Nickerson said that with the state of retail in the country, he will encourage the Zoning Commission to also look for alternate uses for the site, such as an office/medical park.

Nickerson said the development eventually will bring jobs to the area, it just will be later than anticipated. He said the town estimates that once developed, the Gateway site, including both retail and residential, will have a $3 million to $4 million net positive impact on the town.

The 200-acre site off of I-95 Exits 73 and 74 is zoned as the Gateway Planned Development District under the town's zoning regulations. The town's Zoning Commission gave its approval in 2008 to KGI Properties and Simon Konover for a master development plan for Gateway Commons with a residential component and a commercial phase of 425,000 square feet of retail, with a big-box anchor store and five smaller "junior anchor stores."

The commission approved in October 2016 a 138,000-square-foot big box store, with a gas station for the site. Though some in the community had raised concerns over a gas station at the site, members of the Zoning Commission said that there were enough safeguards in place and that the station would be outside of the town's mapped, updated aquifer protection zone.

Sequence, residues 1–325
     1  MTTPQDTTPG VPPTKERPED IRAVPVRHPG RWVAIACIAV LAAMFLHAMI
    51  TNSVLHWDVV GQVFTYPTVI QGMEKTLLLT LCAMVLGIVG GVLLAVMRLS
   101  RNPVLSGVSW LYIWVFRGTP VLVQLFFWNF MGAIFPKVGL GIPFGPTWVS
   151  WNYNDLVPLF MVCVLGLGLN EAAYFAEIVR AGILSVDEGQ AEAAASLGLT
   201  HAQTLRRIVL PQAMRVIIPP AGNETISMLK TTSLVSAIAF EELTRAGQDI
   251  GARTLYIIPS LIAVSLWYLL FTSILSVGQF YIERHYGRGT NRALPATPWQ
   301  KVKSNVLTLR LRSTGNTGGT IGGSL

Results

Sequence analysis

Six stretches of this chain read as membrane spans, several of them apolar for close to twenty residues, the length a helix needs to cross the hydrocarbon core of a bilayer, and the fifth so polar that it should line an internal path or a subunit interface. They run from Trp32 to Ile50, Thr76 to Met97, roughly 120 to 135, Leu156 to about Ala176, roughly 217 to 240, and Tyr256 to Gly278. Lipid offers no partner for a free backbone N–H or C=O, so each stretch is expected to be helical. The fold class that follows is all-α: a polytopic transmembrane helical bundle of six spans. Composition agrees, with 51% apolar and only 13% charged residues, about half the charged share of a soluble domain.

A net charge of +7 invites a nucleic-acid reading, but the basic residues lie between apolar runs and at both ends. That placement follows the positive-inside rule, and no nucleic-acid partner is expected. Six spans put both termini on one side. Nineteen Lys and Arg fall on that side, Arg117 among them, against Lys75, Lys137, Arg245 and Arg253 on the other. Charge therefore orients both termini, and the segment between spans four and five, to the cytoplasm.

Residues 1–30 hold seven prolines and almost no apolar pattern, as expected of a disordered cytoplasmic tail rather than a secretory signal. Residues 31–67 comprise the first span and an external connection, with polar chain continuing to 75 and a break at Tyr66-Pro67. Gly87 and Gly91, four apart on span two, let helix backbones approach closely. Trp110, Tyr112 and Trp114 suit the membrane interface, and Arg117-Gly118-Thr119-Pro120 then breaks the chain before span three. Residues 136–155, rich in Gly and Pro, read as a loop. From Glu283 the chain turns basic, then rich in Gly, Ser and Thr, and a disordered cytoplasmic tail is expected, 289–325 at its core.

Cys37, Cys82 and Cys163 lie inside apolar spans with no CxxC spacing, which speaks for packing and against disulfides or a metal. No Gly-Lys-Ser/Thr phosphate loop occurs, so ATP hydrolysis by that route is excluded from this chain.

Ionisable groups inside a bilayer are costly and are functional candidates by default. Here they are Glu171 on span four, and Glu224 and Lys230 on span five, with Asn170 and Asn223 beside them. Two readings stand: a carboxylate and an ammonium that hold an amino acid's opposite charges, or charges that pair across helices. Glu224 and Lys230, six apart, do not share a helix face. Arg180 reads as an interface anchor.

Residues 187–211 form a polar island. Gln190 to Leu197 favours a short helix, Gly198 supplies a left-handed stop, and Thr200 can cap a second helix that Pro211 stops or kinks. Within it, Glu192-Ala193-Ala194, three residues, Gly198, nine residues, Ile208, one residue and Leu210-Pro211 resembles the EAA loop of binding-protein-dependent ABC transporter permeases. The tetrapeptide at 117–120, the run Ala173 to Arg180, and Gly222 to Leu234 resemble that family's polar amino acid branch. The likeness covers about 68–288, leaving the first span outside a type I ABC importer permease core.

Zoning Official Bill Mulholland said Wednesday that the approvals are still in place for a Costco or another development of similar size and use.

He said the regulations that govern the commercial side of the Gateway Planned Development District also allow other uses for the site, such as office use. Though the developers may need to adjust the permitting if they wish to bring offices to the site, the zoning board would be willing to listen to their position. He said the site is the last large parcel in the community that is zoned for uses such as retail and offices.

Brainard said the permitting for interim roadway infrastructure improvements to open the Costco was 90 percent complete.

Meanwhile, the state announced last spring that it intends to make long-term improvements to the Exit 74 interchange, with construction planned to begin in 2021 and wrap up in 2024. That work was not specifically tied to the Costco project.

In addition to the work on the commercial component, the developers are planning for the second phase of the residential development near Exit 73, which currently has 280 apartments.

At a meeting planned for 7:30 p.m. Thursday at Town Hall, the Zoning Commission is slated to consider a text amendment to the master development plan. The developers are seeking to eliminate the construction of a bridge over the Pattagansett River as a requirement for the second phase of 120 apartments. The developers instead are asking that the requirement be transferred to the final commercial phase of development, Mulholland said.

If the text amendment is approved, the developers still need to return to the commission for a site plan for the 120 units, he said.

k.drelich@theday.com

Patrons look for bargains in the meat section of Costco Wholesale in New Britain, Conn., on Oct. 11, 2016. (Tim Martin/The Day)
Patrons look for bargains in the meat section of Costco Wholesale in New Britain, Conn., on Oct. 11, 2016. (Tim Martin/The Day)